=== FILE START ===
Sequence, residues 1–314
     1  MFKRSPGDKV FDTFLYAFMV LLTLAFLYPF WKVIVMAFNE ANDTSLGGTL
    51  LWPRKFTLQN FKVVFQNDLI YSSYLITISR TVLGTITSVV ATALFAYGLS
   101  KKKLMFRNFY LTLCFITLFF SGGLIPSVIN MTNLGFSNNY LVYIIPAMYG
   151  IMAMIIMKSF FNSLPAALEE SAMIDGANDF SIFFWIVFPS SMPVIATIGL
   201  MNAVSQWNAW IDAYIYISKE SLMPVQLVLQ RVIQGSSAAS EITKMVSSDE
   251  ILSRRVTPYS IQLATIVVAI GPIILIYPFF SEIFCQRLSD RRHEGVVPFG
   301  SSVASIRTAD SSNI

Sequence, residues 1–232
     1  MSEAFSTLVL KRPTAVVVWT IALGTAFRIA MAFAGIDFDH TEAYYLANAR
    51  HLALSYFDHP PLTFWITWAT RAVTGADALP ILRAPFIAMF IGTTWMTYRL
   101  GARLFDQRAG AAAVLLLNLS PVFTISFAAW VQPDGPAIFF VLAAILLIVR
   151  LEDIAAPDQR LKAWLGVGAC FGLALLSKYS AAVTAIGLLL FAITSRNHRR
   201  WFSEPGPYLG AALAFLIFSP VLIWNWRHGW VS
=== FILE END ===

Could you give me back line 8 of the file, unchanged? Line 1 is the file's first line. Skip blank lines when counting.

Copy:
   301  SSVASIRTAD SSNI